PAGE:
ExxonMobil announced Friday that it has completed an agreement to purchase half of Statoil’s interest in the BM-S-8 block offshore Brazil, which contains part of the pre-salt Carcara oil field. The Carcara field contains an estimated recoverable resource of 2 billion barrels of high-quality oil. The block is located approximately 200 miles offshore Rio de Janeiro.
Statoil currently holds a 66 percent interest in the block, which contains about half the Carcara field. The other part of the field is in the adjacent North Carcara block, where ExxonMobil, Statoil and Petrogal Brasil were high bidders in a bid round held today. Statoil will continue to operate the Carcara development and hold 33 percent interest.
Over the last month, through bid rounds and announced farm-in agreements, ExxonMobil has added 14 blocks comprising more than 1.25 million net acres offshore Brazil to its portfolio, bringing its total acreage in the country to more than 1.4 million net acres.
“These agreements and recent bid round results mark ExxonMobil’s entry into a world-class resource and prospective exploration acreage in Brazil,” said Darren Woods, chairman and chief executive officer of ExxonMobil. “ExxonMobil has a long history in the country and we’re confident our deepwater technology and project expertise can help to further grow the value of Brazil’s energy resources. We look forward to working with Petrobras and all our partners to begin to explore and develop this high quality acreage.”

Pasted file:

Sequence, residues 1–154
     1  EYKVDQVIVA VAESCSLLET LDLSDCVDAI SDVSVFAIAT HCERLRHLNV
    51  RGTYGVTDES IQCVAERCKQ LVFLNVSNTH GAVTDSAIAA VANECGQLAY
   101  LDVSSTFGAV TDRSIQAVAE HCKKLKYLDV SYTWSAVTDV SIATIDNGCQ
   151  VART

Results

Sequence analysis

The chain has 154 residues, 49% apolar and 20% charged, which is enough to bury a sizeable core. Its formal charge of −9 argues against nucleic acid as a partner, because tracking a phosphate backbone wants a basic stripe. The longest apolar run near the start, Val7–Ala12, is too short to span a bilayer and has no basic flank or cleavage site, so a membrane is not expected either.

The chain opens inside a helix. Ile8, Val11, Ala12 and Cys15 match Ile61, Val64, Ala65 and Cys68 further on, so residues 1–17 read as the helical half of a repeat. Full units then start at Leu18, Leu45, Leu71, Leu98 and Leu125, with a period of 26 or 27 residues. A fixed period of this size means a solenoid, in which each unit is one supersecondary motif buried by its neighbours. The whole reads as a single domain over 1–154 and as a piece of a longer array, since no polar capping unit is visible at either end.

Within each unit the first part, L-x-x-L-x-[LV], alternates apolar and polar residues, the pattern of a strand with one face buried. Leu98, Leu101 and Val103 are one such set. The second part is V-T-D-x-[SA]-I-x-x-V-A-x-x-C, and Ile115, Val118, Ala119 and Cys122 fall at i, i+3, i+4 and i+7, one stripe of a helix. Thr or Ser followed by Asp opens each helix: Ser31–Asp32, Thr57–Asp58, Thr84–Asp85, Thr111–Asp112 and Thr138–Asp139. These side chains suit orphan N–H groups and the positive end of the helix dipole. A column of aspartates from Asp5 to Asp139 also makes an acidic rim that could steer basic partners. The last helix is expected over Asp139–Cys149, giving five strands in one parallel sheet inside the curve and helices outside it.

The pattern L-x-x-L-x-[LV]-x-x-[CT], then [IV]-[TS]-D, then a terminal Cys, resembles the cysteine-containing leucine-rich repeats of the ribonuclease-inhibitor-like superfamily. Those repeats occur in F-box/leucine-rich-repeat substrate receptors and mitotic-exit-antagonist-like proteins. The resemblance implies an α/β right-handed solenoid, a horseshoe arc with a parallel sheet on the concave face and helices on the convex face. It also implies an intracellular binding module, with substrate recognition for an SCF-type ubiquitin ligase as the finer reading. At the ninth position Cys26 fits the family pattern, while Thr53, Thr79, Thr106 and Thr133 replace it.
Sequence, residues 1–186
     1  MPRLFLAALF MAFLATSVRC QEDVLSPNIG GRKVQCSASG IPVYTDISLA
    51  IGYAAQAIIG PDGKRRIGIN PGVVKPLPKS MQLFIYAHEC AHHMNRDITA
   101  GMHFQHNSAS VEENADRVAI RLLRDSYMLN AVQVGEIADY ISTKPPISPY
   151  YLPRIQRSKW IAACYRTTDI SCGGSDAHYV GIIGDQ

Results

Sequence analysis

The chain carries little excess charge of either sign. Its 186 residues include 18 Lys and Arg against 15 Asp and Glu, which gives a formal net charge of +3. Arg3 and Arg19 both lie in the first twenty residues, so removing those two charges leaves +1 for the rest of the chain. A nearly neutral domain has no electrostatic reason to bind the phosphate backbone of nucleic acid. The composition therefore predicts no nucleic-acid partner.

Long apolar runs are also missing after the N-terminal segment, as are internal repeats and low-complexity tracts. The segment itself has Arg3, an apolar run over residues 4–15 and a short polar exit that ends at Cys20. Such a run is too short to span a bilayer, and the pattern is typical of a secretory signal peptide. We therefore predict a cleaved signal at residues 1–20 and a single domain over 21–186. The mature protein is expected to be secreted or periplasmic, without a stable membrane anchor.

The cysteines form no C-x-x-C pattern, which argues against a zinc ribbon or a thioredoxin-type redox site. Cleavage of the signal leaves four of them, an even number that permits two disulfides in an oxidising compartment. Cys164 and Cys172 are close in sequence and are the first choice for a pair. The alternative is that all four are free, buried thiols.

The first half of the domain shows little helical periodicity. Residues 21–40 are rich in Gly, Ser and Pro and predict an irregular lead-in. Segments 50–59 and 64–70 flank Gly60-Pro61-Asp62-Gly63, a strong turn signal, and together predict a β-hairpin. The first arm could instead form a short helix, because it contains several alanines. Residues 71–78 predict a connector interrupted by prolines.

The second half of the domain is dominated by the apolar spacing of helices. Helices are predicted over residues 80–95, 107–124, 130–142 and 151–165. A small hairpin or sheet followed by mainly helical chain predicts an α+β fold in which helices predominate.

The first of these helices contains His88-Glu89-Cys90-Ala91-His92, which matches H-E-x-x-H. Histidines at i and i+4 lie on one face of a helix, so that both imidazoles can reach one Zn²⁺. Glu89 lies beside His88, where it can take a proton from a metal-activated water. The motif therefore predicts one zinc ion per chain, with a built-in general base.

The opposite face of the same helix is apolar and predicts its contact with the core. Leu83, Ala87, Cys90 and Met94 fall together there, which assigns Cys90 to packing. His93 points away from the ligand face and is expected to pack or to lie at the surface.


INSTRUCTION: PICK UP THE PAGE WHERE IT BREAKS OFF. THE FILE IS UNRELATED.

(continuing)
Separately, ExxonMobil recently added highly prospective acreage to the company’s portfolio after completing a farm-in agreement with Queiroz Galvão Exploração e Produção (QGEP).
ExxonMobil will make an upfront cash payment of approximately $800 million for the interest in BM-S-8 block, and an additional contingent cash payment for a potential total of approximately $1.3 billion. The transaction is subject to government approvals and is expected to close in 2018.
Following the close of the transaction, partner interests in the BM-S-8 block will be 33 percent for Statoil, 33 percent for ExxonMobil, 14 percent for Petrogal Brasil, a subsidiary of Galp, and 10 percent each for QGEP and Barra.